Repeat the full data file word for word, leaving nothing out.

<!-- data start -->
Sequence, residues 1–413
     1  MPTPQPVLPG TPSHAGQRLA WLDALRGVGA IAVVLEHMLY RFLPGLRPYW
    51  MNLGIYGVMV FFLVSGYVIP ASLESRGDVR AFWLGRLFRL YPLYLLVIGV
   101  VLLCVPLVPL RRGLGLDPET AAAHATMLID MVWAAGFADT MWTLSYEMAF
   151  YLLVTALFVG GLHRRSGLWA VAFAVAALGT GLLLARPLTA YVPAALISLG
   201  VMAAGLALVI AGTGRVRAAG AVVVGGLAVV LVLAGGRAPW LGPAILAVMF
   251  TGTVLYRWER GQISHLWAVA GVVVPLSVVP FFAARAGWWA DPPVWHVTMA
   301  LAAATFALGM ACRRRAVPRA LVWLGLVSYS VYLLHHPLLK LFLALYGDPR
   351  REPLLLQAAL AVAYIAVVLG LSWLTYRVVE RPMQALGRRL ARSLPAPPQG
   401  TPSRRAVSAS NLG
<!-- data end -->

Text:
Sequence, residues 1–413
     1  MPTPQPVLPG TPSHAGQRLA WLDALRGVGA IAVVLEHMLY RFLPGLRPYW
    51  MNLGIYGVMV FFLVSGYVIP ASLESRGDVR AFWLGRLFRL YPLYLLVIGV
   101  VLLCVPLVPL RRGLGLDPET AAAHATMLID MVWAAGFADT MWTLSYEMAF
   151  YLLVTALFVG GLHRRSGLWA VAFAVAALGT GLLLARPLTA YVPAALISLG
   201  VMAAGLALVI AGTGRVRAAG AVVVGGLAVV LVLAGGRAPW LGPAILAVMF
   251  TGTVLYRWER GQISHLWAVA GVVVPLSVVP FFAARAGWWA DPPVWHVTMA
   301  LAAATFALGM ACRRRAVPRA LVWLGLVSYS VYLLHHPLLK LFLALYGDPR
   351  REPLLLQAAL AVAYIAVVLG LSWLTYRVVE RPMQALGRRL ARSLPAPPQG
   401  TPSRRAVSAS NLG